In my view, bencher election campaign spending should not be allowed for candidates and, if allowed, it should be a very modest amount.
I did not spend any money to promote my candidacy as a bencher. I believe we are a self-governing profession mandated to govern and provide legal service to the Ontario public. The bencher election campaign is not for the purpose of determining which group interest will be advanced. It is to determine who is better qualified to govern a professional organization.
To the extent that we have a conflict between our self interest as a group in sharing the revenue pie and competing with each other in providing legal services to the community as a professional group, the conflict should be resolved by advancing the principles of democracy, transparency, and adjudication in discipline matters within our institutions of Convocation and governance with well-enunciated principles of fairness that we advocate in our daily lives.
The reason, I believe, only a fraction of the membership takes an interest in voting in the bencher election is many younger and small-firm practitioners and diverse groups do not feel they will have the ability to achieve the make changes in our governance. Yes, we are a conservative profession and need to be, but the pace of change for the better should not be slowed down to the detriment of small-firm practitioners and equity-seeking groups.
The fact that 20 seats of the 40 up for grabs go to lawyers from Toronto works in favour of the large firms that already have the vote banks and the financial resources to pay for expensive campaigning. The weight of their opinion in governance works in their favour at Convocation meetings that I feel should be made transparent through open meetings.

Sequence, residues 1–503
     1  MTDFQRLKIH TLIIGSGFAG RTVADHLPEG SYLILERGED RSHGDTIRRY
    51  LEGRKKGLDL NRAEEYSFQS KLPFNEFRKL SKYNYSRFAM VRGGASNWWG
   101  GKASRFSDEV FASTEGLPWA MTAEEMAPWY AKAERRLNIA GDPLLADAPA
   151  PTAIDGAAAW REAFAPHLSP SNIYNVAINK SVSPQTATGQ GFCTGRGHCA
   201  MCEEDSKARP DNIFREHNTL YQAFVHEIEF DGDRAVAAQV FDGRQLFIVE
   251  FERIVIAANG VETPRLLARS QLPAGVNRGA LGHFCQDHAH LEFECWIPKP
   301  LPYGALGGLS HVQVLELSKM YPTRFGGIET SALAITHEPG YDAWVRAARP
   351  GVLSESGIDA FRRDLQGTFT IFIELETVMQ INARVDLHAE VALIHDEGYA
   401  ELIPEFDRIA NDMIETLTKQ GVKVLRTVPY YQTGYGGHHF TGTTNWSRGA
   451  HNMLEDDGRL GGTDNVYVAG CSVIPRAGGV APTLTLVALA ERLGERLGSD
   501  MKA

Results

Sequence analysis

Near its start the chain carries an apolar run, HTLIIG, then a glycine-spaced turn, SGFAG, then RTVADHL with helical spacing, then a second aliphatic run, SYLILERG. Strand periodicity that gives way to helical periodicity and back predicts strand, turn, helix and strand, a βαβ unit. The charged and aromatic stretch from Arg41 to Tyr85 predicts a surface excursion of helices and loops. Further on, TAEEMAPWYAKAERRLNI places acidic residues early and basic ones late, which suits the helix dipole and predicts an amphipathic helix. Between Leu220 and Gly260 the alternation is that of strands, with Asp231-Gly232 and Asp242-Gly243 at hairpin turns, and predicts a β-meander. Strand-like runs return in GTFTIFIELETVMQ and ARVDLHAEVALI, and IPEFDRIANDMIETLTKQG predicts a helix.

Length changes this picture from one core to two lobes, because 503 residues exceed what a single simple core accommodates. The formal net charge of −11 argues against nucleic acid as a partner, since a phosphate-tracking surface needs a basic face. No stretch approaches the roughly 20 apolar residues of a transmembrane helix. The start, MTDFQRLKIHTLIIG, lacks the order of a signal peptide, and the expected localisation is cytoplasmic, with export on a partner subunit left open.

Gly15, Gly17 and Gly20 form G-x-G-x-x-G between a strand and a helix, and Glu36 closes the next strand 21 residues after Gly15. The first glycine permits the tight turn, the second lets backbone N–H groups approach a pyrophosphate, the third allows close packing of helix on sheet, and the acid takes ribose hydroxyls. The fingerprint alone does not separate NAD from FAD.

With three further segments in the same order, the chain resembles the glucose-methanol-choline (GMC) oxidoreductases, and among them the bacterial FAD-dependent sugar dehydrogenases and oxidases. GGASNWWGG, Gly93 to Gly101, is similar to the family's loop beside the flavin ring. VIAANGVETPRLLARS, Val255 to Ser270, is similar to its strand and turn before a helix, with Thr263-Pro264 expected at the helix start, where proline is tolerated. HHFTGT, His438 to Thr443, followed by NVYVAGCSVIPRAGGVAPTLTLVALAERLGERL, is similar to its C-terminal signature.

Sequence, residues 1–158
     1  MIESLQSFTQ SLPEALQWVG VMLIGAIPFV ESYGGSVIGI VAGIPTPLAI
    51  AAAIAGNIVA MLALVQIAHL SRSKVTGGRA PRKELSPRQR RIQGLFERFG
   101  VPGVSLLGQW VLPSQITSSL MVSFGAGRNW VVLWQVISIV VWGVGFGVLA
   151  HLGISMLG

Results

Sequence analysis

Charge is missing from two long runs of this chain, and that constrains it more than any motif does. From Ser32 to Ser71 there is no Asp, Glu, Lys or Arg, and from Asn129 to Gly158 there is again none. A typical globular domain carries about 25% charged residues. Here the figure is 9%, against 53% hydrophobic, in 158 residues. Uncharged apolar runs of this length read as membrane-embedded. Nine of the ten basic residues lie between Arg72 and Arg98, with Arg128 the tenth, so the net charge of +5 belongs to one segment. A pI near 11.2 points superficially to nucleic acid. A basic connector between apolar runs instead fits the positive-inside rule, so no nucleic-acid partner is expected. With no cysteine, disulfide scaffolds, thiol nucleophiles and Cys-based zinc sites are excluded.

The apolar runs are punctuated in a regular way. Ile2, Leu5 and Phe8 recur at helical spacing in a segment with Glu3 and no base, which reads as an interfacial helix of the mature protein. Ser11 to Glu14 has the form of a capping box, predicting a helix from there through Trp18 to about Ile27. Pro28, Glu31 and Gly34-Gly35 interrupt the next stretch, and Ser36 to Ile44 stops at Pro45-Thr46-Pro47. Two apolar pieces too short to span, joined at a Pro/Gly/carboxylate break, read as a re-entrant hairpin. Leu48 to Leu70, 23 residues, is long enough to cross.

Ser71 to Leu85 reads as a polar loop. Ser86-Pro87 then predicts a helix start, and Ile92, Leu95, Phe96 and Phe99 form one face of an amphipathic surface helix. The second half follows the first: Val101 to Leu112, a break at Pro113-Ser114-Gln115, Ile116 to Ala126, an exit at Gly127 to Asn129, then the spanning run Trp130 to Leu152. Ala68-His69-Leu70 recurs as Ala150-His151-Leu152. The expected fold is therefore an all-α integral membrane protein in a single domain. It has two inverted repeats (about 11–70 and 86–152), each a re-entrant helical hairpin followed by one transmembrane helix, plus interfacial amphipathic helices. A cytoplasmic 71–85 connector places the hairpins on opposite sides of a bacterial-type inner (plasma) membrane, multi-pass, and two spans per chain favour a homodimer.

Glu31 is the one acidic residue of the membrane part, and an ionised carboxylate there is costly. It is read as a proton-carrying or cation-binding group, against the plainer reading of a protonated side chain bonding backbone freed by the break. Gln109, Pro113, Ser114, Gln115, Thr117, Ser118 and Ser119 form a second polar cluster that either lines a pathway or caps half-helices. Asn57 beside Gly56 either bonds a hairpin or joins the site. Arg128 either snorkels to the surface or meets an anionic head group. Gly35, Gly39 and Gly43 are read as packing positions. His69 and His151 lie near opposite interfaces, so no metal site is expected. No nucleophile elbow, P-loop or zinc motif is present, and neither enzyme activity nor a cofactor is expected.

Why should campaign funds not be allowed? First, most of the 45,000 lawyers in Ontario have two degrees and can easily read the background of the candidates put out by the Law Society of Upper Canada. When you permit
campaign spending, you are allowing the candidates with particular interests to promote themselves and maintain the status quo. On that issue, introducing term limits was a good change.
Second, about 80 per cent of lawyers in Ontario practise at small firms, but it is the big firms that have the financial resources to pay for expensive advertising of up to $70,000. The fact that there are no limits placed on campaign spending works in favour of large firms. Spending should be limited by a resolution of Convocation.
We should not forget the legislated and historical mandate of the legal profession to protect the public interest. The first six barristers from England who started the law society in 1797 brought with them a few hundred years of a tradition of law and equity that has evolved over the last 200 years in Ontario and is now a part of s. 4(2) of the Law Society Act that mandates that we must protect the public interest and we have a duty to act in a timely, open, and efficient manner. Timeliness, in my view, includes advancing democratic principles such as the Human Rights Code and in discipline matters. I believe what we preach in the courts each day should be practised in our governing institutions.
In the 21st century, the profession needs to look outwards to other jurisdictions for ideas in a shrinking world. We have achieved a great reputation abroad, but the task of maintaining our reputation as a leading jurisdiction is an ongoing challenge. In my lectures to several bar associations around the world, including the Bermuda Bar Association where I spoke in April of this year, I’ve sensed a great degree of awareness of our role as lawyers acting in the public interest. The assumption that minorities and women have less to contribute in leadership roles in our profession needs to change, something that is not necessarily achieved with political-style campaigning with no limits on spending.
2015 bencher candidate,
Richmond Hill, Ont.